Reusing Traditional Animation

Generating novel cartoon animation

Project Description

Traditional (cartoon) animation is notable for its expressiveness and style. It is difficult to produce, however. Since a large body of traditional animation already exists, it may be possible to incorporate this body into a library that can be used to generate new animation having the same qualities that make the medium so appealing. This work presents components of a system to do exactly that.

Also, sometimes the realism of motion capture or dynamic simulation is not wanted. One can imagine learning environments, particularly for children, in which traditionally animated characters with caricatured or non-human features serve as a better representation for an agent. Authoring, editing, and re-using traditional animation are some of the most difficult and time-consuming animation tasks. We have developed ways of generating novel traditional animation from existing traditional animation. Our method is model-free, i.e., no a priori knowledge of the drawing or character is required.

There are three primary challenges in building the system. The first is to put the characters into a form in which the character is nicely separated from the background. Much older cartoon data suffers from noise due to changes in lighting as the cel animations were transferred to film, contamination of the cel from one use to another as it was filmed, and degradation of the animation before being transferred to an archival format. These factors make the segmentation problem difficult. We solve the segmentation problem using support vector machines. The second challenge is then to reuse the animation. We address that problem by providing semi-automatic methods to generate an inbetween of two key images. We solve this problem using non-rigid elastic deformation of the images and radial basis functions. The final challenge lies in resequencing the library of cartoon data. We treat this lbirary as a low-dimensional manifold embedded in high-dimensional space. By recovering the manifold structure of the set, we can generate novel animation. Additional processing is needed to improve its appearance, however, and by treating the problem as a scattered data interpolation problem we have successfully generated novel sequences.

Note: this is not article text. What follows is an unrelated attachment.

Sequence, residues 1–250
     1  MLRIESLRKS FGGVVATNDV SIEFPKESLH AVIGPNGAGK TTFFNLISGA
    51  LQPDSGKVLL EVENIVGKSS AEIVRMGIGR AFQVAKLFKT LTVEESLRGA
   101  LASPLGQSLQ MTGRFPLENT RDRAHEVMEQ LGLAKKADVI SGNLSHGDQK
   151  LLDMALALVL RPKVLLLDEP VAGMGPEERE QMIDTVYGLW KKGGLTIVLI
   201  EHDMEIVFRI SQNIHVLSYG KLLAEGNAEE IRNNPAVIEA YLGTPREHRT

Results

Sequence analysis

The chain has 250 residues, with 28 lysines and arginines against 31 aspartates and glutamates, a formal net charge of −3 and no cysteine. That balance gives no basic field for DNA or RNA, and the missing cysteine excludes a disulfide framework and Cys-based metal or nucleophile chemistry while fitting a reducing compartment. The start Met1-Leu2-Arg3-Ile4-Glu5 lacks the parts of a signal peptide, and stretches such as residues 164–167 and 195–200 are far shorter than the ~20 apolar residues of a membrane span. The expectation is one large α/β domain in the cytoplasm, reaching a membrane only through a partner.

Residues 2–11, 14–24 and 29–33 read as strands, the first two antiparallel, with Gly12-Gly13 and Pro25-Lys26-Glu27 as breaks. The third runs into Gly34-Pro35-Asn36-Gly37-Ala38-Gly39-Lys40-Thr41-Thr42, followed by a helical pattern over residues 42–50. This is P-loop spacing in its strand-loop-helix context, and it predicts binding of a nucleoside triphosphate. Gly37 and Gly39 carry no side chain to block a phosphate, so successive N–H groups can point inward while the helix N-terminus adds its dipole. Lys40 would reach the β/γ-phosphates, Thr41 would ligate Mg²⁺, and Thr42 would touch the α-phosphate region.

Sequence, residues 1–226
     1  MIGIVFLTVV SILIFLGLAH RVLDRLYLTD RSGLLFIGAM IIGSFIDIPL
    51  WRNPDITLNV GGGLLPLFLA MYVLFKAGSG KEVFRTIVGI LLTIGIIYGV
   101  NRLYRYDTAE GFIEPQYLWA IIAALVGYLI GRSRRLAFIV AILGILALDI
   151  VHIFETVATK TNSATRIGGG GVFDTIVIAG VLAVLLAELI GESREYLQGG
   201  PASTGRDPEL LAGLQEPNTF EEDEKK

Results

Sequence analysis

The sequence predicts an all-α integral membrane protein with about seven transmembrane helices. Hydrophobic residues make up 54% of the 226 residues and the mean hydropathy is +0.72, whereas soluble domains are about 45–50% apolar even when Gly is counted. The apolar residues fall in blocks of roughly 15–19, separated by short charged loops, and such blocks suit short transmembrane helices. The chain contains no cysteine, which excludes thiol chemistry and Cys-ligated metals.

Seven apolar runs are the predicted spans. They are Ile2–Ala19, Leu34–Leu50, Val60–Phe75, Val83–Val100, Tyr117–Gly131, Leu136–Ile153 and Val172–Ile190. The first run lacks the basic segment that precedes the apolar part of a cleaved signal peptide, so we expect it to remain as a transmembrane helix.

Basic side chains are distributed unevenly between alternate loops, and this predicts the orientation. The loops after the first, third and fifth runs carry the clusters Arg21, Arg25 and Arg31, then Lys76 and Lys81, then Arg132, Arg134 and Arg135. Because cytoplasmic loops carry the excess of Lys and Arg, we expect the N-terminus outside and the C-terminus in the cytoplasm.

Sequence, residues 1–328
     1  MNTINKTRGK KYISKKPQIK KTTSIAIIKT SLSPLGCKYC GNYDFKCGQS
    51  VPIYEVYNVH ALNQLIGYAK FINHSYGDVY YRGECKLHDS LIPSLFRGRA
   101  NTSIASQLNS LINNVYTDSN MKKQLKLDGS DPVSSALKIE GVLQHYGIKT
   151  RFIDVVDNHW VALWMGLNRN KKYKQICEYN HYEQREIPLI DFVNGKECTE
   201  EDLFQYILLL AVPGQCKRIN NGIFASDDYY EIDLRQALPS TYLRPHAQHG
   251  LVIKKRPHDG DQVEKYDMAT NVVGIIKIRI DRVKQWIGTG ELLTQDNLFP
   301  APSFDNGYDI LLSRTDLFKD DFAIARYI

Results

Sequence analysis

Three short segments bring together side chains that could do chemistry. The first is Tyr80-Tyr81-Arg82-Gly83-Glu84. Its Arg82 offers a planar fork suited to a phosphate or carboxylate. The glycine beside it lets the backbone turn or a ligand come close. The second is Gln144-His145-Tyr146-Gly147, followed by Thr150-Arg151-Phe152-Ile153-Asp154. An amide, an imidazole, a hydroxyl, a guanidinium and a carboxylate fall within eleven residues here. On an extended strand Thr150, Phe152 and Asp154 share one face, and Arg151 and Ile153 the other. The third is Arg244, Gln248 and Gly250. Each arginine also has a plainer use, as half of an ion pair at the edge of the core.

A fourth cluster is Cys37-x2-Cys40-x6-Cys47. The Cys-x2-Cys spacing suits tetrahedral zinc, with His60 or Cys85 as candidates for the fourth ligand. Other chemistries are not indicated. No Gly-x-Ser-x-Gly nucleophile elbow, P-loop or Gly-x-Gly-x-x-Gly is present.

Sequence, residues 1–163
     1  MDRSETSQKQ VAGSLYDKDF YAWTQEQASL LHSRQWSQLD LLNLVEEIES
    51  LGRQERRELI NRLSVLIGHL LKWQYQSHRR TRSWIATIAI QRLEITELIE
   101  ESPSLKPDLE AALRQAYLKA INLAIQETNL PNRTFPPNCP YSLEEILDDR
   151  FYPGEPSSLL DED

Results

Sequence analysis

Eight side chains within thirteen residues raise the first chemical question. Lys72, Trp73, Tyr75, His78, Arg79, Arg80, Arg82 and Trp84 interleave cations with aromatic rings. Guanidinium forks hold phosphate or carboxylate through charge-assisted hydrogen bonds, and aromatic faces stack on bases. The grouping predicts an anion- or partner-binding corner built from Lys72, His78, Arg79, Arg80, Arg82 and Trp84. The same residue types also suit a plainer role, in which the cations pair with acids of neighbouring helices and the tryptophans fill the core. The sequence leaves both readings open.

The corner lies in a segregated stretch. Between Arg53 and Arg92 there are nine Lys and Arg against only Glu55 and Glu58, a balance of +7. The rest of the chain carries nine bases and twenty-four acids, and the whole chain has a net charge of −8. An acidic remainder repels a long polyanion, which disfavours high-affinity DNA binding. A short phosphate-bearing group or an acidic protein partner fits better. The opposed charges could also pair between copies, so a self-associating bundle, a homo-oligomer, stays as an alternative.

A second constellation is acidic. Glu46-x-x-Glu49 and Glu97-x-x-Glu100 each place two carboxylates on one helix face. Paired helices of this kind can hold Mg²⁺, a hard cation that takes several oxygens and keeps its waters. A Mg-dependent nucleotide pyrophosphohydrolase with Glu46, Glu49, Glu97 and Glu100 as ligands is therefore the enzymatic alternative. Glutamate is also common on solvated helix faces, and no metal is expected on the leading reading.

Students and Collaborators

Home Research Publications Teaching Vita Students Personal
Bobby Bodenheimer